On a Sunday night in April, I attended a cocktail party before a work event. As someone who has known for the better part of my life that I am allergic to peanuts and seafood, I tend to shy away from food when I am not privy to how it’s been prepared. But, this night was different. I had on my new blue blouse and wedge heels that made me feel tall. And who doesn’t like wine and cheese to get the night started? So I decided to indulge. What’s the worst that can happen, right?
Thirty minutes later as I was walking to my car, headed to the event, I began to cough. I didn’t pay much attention to it at first because it was just a cough. But by the time I crossed the street, I started to feel a bit light-headed and itchy all over— my head, my face, my arms, my tongue, my legs.
My bestie followed me in her car to make a pit stop at Walgreens for some Benadryl. The cough soon turned to a wheeze and I was now having trouble breathing, so I did what any only child does — I called my mom. Her first question: “Do you have your EpiPen?” My response: “My clutch wasn’t big enough.” Sigh. Bad choice. Let this be a teachable moment. If you have an EpiPen, carry it … even on what you think will be a super chill outing. Don’t try to be cute like me — well, be cute but also be safe … but back to my story.
After hearing me wheezing on the phone, my mom and friend insisted that I go to the emergency room. As we sped down the 134, I began to feel sick so we found ourselves on the shoulder of this busy highway with me throwing up whatever was attacking my insides. My eyes had become bloodshot, I was hot, and wanted to scratch off all of my skin. The ride to the hospital felt so long, but when we arrived, I received immediate care. I was in anaphylactic shock. I had successfully avoided my allergens for more than 20 years, but on this night things got real.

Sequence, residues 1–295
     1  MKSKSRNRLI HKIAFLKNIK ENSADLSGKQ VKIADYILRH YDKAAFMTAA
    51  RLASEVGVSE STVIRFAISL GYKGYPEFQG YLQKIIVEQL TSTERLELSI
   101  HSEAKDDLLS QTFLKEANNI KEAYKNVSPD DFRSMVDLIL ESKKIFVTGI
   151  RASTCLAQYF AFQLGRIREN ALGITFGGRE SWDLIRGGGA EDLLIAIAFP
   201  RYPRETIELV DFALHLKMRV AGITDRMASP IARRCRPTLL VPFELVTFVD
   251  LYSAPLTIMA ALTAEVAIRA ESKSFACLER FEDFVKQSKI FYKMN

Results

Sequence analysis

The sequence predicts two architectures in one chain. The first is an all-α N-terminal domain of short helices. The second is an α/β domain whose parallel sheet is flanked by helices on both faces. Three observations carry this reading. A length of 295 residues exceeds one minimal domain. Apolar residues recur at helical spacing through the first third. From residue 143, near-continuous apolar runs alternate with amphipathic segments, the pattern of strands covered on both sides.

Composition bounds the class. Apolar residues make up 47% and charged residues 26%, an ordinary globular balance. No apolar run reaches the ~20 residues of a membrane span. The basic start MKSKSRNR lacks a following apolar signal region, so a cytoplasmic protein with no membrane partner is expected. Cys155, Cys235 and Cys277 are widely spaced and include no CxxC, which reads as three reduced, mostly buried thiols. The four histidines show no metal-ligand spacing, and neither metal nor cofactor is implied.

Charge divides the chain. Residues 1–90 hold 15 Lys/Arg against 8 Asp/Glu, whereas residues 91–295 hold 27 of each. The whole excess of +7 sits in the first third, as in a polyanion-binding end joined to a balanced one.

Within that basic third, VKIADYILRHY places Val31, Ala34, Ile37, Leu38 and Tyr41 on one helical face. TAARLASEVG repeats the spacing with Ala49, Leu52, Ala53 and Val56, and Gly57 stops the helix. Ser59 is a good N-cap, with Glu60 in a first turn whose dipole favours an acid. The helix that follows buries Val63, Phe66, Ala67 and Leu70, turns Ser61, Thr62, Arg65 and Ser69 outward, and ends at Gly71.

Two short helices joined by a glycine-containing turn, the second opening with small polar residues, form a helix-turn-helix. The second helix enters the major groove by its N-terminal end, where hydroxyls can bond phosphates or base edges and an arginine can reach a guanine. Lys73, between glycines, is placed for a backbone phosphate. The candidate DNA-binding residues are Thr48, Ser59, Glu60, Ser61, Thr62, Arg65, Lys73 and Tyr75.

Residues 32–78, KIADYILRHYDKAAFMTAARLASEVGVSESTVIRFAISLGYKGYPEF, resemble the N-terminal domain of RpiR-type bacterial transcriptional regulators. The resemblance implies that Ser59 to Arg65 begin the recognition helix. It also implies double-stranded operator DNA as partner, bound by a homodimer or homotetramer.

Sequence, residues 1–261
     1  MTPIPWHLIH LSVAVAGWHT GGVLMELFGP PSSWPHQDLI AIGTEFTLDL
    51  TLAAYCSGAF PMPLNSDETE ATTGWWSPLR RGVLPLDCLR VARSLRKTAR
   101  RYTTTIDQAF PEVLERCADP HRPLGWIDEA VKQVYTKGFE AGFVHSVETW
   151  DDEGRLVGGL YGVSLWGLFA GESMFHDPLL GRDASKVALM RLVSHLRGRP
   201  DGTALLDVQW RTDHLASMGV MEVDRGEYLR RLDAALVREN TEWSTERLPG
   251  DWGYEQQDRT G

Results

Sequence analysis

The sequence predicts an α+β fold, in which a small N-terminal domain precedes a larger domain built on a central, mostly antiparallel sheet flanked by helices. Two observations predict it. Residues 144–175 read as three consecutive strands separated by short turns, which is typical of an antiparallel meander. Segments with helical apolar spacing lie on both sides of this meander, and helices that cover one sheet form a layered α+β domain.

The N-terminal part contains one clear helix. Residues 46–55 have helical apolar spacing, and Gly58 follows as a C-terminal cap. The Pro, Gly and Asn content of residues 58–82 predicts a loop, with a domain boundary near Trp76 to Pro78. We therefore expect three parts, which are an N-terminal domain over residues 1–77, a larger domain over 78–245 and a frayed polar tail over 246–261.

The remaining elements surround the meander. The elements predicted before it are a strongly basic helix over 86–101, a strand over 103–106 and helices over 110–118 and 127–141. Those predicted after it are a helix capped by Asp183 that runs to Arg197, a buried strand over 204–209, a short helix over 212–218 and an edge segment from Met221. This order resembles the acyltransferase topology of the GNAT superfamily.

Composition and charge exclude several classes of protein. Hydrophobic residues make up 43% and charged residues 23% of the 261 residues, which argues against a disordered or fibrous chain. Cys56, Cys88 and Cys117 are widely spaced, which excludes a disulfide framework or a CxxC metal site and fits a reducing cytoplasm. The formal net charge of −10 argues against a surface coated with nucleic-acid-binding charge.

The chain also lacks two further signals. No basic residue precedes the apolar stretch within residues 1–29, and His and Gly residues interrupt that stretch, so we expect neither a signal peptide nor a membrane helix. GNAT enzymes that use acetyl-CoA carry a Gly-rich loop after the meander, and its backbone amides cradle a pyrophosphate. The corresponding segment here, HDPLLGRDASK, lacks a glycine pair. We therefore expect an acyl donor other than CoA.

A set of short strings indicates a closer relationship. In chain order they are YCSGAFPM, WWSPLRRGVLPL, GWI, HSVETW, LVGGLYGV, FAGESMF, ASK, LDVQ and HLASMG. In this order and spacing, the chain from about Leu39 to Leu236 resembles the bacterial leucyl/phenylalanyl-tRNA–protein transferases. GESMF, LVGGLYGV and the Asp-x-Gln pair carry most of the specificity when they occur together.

Fast-forward three weeks … I’m now in Beverly Hills to visit my brand new allergist. He allergy tested (or prick tested) me for over 90% — yes, you read that right—of the foods in the world. (Prick testing, for my non-allergic friends, is when an allergen is placed just beneath your skin to see how your body reacts.) It took three appointments to complete my testing and when I got my results after each visit, I became more and more alarmed. Some of the foods that I consume almost daily made the list of allergens. Um, can I get a retest … ?
Allergies: Peanut, Shrimp, Tuna, Hazelnut, Lettuce, Lobster, Codfish, Grapefruit, Lemon, Mushroom, Oat, Orange, Green Pea, Pecan, Salmon, Strawberry, Citric Acid (including, but not limited to: Tangerine, Tomato, Lime, Guava, Pineapple, Citron, Grapefruit, Raspberry, Pomegranate, Passion Fruit), MSG, Flaxseed, Cottonseed
Citric acid?! Seriously? Who’s allergic to citric acid?! Goodbye pizza! And yes, I have since tried white pizza … it’s not the same.
In this blog, I want to take you on the journey of my life as a young, African American woman trying to navigate life with food allergies. I will highlight restaurants that I visit that are accommodating, recipes satisfying to the palate, allergen-free products that work, and any interesting things that I discover along the way.